Essays in Honour of Horst Hanusch
Edited by Andreas Pyka, Uwe Cantner, Alfred Greiner and Thomas Kuhn
Chapter 6: Bubbles, Crashes and the Psycho-Economic Forces Behind Them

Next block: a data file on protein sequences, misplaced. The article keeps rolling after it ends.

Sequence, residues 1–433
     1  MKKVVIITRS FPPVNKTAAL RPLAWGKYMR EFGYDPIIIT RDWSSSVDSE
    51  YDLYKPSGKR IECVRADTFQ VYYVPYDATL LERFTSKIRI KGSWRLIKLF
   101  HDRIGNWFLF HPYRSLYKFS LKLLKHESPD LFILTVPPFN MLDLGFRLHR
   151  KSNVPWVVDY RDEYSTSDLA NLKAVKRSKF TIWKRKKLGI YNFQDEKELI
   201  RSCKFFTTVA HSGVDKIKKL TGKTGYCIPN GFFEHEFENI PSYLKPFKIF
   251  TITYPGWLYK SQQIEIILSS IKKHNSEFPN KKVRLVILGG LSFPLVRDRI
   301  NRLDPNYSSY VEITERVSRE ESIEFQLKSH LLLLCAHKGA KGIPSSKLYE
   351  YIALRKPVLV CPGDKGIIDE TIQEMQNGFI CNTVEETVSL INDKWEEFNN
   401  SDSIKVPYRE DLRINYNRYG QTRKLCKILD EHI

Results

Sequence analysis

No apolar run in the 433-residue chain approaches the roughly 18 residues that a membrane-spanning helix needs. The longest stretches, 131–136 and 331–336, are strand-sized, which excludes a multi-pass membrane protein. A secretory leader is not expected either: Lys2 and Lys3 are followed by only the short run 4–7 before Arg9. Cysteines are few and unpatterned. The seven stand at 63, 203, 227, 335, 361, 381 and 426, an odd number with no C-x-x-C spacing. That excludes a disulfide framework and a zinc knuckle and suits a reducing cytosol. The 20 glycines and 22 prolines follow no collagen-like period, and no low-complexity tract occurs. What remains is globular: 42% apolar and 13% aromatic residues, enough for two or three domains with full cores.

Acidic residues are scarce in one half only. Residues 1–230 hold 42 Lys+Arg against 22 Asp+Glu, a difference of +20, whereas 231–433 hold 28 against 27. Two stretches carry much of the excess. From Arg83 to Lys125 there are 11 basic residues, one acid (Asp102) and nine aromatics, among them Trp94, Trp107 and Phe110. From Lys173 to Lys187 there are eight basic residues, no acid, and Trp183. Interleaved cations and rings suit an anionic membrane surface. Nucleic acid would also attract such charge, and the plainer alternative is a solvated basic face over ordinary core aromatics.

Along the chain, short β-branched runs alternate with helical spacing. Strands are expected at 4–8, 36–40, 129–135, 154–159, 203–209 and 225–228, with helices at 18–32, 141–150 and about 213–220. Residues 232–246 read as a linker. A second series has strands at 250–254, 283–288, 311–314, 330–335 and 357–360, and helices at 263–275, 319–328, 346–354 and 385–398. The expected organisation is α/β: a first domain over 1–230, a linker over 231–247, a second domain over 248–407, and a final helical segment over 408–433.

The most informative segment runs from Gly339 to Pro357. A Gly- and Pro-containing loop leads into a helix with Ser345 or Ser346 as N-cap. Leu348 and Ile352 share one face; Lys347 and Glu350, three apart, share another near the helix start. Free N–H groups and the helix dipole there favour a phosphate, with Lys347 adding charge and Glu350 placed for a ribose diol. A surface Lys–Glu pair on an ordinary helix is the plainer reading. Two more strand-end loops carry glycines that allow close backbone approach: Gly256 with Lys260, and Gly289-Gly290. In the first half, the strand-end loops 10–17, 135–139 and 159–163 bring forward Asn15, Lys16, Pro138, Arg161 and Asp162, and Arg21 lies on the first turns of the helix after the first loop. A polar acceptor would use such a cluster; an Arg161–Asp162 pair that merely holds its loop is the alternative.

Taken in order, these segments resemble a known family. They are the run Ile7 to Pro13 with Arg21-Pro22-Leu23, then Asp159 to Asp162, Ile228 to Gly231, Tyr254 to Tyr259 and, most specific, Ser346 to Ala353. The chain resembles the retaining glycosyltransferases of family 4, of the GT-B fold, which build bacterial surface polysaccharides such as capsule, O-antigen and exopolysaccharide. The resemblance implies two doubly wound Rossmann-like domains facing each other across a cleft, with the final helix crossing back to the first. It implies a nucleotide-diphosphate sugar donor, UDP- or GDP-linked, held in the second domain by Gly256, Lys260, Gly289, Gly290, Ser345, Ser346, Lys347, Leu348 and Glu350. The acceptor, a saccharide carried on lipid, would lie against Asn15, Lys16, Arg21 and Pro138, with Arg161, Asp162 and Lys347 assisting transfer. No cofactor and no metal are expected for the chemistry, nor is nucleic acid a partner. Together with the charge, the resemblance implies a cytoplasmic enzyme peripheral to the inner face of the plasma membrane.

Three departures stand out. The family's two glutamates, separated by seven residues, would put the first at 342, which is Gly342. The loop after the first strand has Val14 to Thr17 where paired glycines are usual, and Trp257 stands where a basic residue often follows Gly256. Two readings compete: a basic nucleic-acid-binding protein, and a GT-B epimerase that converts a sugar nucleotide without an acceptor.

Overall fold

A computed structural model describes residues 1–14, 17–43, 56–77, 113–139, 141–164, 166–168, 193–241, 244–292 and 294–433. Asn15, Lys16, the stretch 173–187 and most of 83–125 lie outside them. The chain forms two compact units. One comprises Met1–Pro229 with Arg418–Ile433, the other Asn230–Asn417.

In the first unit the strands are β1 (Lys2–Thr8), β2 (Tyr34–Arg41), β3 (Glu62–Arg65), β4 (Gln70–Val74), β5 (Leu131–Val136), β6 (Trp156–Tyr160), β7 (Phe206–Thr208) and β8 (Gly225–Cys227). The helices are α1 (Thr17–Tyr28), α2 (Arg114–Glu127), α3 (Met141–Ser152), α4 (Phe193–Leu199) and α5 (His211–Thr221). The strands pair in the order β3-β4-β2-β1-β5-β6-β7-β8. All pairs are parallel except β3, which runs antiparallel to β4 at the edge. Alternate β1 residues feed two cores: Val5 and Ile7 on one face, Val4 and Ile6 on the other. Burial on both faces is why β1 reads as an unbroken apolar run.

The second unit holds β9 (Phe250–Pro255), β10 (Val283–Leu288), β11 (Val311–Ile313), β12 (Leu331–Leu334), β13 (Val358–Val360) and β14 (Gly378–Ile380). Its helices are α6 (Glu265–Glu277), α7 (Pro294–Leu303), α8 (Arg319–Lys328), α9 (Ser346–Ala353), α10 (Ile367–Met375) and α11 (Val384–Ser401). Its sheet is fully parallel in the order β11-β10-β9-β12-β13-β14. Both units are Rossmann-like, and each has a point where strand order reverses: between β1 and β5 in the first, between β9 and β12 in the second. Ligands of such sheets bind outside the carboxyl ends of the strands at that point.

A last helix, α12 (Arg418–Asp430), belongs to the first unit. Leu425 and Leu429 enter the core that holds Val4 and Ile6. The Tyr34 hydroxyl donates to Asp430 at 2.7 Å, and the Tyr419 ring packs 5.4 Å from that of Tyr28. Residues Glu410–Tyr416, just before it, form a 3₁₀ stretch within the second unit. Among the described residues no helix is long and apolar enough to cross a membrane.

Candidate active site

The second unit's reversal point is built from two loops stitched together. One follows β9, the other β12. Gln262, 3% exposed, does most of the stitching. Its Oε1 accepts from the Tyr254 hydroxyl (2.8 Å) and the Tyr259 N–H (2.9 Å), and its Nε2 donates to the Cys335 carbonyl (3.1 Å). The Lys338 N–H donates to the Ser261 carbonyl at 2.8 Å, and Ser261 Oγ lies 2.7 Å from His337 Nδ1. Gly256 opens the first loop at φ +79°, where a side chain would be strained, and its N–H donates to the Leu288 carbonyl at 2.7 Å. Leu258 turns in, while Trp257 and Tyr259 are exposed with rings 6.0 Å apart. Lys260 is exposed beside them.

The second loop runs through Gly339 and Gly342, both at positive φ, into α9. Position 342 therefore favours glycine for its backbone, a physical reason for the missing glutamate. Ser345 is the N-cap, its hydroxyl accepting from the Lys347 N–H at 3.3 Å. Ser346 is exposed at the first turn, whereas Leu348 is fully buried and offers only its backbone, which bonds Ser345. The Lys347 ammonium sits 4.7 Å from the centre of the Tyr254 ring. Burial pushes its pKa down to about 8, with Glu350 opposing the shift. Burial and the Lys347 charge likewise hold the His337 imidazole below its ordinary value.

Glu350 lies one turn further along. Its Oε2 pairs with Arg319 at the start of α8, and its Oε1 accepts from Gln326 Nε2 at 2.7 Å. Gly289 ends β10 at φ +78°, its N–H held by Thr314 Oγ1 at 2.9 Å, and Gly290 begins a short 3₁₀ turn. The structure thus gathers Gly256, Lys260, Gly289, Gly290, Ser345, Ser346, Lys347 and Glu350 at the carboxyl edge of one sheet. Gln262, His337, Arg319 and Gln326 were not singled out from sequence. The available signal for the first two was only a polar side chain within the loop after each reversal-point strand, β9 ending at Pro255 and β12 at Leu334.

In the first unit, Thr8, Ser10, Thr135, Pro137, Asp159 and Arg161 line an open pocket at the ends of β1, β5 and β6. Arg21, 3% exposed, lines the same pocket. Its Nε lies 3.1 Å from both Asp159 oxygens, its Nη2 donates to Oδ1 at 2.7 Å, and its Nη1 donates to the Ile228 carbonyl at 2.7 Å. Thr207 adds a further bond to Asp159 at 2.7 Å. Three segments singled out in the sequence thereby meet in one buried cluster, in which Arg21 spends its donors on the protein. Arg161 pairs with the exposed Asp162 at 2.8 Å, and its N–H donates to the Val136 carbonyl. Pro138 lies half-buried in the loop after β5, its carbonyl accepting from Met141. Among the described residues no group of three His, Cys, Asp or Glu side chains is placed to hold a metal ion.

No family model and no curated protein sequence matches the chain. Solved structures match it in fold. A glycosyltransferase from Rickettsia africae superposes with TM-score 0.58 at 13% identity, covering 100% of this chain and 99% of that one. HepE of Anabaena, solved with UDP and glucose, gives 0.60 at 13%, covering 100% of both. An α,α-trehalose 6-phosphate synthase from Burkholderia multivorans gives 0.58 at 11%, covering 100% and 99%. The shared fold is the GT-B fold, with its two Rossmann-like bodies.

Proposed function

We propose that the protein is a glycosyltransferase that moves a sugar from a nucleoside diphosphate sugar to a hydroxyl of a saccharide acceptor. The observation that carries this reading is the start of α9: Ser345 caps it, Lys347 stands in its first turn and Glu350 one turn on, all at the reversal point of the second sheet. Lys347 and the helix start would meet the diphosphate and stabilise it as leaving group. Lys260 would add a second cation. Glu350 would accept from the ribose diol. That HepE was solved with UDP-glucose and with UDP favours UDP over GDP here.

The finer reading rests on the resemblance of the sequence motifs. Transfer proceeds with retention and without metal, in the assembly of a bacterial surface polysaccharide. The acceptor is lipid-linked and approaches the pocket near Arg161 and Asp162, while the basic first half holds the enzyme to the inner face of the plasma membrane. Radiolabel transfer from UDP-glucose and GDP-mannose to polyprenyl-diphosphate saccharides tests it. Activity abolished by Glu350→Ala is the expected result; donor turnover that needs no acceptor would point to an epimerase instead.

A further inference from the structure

6. Bubbles, crashes and the psychoeconomic forces behind them Friedrich Kugler When ‘normal’ sentiment gives way to collective ‘group think’, we have to look at nonlinear forces to understand market fluctuations’ (Vaga, 1990, p. 36) 1. INTRODUCTION Bubbles and crashes in speculative markets are considered as economic facts whose existence is accepted by empirical as well as by theoretical studies. Well-known historical examples are the Dutch Tulipmania, England’s South Sea bubble and the US Stock Market crash of 1929. Recently, the crashes of 1987 and 1989 and the real-estate bubble in Japan towards the end of the 1980s have turned out to be more prominent. The end of the vision of a ‘New Economy’ is often quoted as an additional contemporary example. The Nasdaq Index which, until mid-March 2000, had climbed to unprecedented heights in less than two years, lost 35 per cent of its value in one month. This so-called dot-com crash had effects on every stock exchange in the world. The bursting of speculative bubbles had consequences not only for the financial markets, but also for the real economy. Binswanger (1999) even goes so far as to regard bubbles as an integral part of modern economic development, and Eichengreen (2002, p. 4) states that such economic crises must be viewed as ´an unavoidable concomitant of the operation of financial markets’. Literature presents complex explanations for market inefficiencies, market anomalies and financial instabilities. Based on the efficient market theory, which assumes solely rational market participants, these are attributed to...
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